Parts used and where grown: Eucalyptus is an evergreen tree native to Australia but is cultivated worldwide. The plant’s leaves—and the oil that is steam-distilled from them—are used medicinally.1
Eucalyptus has been used in connection with the following conditions (refer to the individual health concern for complete information):
|Insect repellant (topical)|
Athletic performance (topical)
Chronic obstructive pulmonary disease (COPD)
Genital herpes (topical)
Low back pain
Rheumatism (topical use)
Rheumatoid arthritis (oil, topical)
Reliable and relatively consistent scientific data showing a substantial health benefit.
Contradictory, insufficient, or preliminary studies suggesting a health benefit or minimal health benefit.
An herb is primarily supported by traditional use, or the herb or supplement has little scientific support and/or minimal health benefit.
Historical or traditional use (may or may not be supported by scientific studies): Eucalyptus was first used by Australian aborigines, who not only chewed the roots for water in the dry outback but used the leaves as a remedy for fevers. In the 1800s, crew members of an Australian freighter developed high fevers, but were able to successfully cure their condition using eucalyptus tea. Thus, eucalyptus became well known throughout Europe and the Mediterranean as the Australian fever tree. Early 19th century Eclectic physicians in the United States not only used eucalyptus oil to sterilize instruments and wounds, but recommended a steam inhalation of the vapor of its oil to help treat asthma, bronchitis, whooping cough, and emphysema.2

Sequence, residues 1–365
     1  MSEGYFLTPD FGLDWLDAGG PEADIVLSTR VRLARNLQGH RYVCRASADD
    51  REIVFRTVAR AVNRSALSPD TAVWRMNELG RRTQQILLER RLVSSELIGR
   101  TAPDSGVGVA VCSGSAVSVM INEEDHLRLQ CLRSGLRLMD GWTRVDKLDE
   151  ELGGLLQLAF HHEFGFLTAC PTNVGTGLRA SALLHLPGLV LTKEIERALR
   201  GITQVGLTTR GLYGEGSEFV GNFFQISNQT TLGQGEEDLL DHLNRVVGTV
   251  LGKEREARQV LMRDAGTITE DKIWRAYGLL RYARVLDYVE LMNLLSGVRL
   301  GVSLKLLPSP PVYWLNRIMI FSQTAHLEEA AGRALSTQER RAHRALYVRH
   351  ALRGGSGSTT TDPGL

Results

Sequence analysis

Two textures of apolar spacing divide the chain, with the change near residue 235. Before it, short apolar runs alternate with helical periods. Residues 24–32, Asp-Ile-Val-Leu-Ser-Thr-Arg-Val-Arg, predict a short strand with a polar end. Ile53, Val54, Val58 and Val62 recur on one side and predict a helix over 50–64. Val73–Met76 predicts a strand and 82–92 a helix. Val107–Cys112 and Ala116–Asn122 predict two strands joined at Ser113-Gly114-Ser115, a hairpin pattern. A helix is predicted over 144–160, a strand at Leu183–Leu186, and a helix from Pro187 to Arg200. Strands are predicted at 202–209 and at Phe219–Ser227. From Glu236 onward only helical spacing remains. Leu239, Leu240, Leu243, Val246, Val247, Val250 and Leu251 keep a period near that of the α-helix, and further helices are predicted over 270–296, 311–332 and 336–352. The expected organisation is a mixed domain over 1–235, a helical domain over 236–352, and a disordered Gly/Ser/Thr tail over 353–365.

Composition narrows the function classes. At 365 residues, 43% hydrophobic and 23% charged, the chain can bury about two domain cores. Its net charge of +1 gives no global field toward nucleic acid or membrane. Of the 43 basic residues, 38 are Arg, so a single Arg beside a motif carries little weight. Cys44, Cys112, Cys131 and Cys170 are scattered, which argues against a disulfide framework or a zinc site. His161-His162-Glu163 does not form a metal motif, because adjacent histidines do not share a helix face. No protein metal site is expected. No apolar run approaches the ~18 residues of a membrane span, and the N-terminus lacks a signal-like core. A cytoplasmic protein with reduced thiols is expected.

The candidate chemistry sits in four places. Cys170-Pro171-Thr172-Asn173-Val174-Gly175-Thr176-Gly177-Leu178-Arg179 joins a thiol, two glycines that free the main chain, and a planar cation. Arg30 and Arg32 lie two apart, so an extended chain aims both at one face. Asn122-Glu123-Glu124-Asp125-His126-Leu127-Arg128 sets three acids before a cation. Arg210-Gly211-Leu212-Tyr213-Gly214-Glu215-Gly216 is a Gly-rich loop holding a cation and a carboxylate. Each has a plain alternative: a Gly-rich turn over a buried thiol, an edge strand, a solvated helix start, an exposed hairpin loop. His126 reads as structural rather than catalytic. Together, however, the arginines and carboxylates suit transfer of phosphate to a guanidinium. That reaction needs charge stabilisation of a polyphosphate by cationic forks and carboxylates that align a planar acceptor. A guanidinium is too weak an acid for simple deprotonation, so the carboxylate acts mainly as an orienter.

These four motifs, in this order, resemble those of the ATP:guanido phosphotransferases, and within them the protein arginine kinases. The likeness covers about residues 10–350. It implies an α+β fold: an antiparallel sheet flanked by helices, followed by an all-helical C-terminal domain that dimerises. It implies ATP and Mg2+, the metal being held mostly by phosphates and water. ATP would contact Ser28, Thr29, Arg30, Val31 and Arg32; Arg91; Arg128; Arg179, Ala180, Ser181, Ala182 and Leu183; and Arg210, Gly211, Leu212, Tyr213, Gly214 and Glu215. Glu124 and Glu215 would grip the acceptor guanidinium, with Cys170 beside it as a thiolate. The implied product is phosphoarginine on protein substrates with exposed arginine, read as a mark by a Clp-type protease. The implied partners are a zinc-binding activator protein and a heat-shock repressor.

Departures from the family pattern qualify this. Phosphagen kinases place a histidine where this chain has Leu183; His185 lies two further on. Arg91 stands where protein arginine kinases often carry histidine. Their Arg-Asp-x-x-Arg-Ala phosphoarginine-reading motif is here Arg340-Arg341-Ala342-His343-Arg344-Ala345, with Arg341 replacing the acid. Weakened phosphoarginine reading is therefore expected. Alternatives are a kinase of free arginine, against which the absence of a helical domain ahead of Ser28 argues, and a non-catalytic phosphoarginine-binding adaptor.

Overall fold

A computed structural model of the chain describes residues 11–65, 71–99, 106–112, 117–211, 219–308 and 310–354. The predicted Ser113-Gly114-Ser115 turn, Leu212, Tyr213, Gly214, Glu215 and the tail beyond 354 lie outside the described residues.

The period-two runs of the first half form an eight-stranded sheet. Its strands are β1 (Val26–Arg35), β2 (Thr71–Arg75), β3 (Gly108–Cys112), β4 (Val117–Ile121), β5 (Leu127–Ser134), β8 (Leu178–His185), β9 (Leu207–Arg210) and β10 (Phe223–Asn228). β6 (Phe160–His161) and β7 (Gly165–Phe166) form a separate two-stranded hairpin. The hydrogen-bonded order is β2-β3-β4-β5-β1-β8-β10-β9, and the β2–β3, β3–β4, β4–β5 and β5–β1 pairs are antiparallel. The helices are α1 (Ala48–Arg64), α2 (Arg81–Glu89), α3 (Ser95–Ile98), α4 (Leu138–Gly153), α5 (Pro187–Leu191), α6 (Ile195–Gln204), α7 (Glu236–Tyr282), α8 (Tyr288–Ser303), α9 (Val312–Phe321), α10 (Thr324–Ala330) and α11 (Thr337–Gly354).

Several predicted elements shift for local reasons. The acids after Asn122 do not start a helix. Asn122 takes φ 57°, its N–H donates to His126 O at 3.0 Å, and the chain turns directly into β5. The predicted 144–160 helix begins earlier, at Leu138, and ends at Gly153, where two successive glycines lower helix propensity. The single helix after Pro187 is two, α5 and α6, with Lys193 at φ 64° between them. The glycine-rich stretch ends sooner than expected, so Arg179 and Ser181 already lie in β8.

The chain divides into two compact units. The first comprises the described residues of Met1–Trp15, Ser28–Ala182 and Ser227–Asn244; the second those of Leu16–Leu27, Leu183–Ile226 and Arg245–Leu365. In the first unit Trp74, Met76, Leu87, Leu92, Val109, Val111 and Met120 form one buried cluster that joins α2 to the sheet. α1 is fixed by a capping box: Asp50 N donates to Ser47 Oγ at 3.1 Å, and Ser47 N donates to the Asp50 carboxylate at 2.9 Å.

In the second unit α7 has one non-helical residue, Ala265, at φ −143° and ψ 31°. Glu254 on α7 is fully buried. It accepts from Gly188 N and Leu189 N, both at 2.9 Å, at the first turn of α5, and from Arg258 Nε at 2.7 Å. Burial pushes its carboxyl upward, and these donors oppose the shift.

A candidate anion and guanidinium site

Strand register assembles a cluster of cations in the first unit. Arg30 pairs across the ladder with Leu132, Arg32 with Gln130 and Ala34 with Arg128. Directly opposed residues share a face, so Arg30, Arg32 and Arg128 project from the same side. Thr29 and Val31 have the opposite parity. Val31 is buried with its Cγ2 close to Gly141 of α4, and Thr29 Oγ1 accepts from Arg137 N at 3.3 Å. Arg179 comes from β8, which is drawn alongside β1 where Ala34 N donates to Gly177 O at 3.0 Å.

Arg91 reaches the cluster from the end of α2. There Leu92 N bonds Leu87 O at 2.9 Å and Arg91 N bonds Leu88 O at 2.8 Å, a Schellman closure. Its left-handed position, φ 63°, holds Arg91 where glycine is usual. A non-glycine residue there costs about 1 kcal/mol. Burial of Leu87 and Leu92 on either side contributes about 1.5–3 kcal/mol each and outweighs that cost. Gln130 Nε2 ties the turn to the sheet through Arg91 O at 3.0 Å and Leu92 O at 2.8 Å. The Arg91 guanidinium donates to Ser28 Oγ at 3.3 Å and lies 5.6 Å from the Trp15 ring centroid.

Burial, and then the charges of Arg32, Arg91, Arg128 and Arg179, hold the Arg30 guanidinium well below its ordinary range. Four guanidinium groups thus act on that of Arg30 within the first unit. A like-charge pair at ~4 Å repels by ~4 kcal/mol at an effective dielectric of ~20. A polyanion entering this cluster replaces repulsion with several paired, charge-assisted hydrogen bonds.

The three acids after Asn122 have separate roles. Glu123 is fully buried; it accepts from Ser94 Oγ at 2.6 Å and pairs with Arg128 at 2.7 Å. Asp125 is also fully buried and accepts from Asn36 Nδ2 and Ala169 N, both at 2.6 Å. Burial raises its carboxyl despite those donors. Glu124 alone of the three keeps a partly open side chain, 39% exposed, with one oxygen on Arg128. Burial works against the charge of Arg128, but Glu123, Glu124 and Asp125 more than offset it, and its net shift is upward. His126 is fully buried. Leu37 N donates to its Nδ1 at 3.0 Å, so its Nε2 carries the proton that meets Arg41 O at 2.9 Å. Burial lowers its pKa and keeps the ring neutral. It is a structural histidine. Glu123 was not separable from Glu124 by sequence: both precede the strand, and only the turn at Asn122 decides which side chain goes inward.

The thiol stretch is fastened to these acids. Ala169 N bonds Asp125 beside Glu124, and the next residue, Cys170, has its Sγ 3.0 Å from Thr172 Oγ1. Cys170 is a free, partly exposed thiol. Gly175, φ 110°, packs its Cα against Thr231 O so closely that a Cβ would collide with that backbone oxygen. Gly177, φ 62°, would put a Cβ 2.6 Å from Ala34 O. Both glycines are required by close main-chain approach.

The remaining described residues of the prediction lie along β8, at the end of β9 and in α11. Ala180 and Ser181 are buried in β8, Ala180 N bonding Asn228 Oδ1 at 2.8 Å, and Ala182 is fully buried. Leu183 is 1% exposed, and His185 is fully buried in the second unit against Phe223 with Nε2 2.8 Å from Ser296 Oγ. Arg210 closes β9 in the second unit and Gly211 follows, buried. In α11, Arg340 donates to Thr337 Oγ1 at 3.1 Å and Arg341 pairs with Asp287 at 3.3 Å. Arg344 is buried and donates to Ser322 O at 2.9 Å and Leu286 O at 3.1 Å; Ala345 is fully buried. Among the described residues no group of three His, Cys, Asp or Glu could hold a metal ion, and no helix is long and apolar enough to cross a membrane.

Active constituents: The major constituent in eucalyptus leaves is a volatile oil known as eucalyptol (1,8-cineol). In order to provide an effective expectorant and antiseptic action, the leaf oil should contain approximately 70–85% eucalyptol.3 Eucalyptus oil is said to function in a fashion similar to that of menthol by acting on receptors in the nasal mucosa, leading to a reduction in symptoms such as nasal congestion.4 In test tube studies, eucalyptus species have been shown to possess antibacterial actions against such organisms as Bacillus subtilis,5 as well as several strains of Streptococcus.6 These actions have not been researched in human clinical trials.
Peppermint (10 grams) and eucalyptus oil (5 grams) in combination, applied topically to the forehead and temples for three minutes with a small sponge, have been shown to be helpful as a muscle relaxant (but not for pain relief) in people with tension headaches.7 A eucalyptus oil extract containing 50% p-methane-3,8-diol (PMD) as the active ingredient has been shown to be effective in protecting human volunteers from various types of biting insects.8 On human forearms, it was determined that the eucalyptus extract was nearly as effective as a 20% solution of diethyltoluamine (used in many insect repellents) in repelling bites of the Anopheles mosquito (the insect that spreads malaria) for up to five hours. The eucalyptus extract was also effective at repelling flies (94%) and midges (100%) for up to six hours.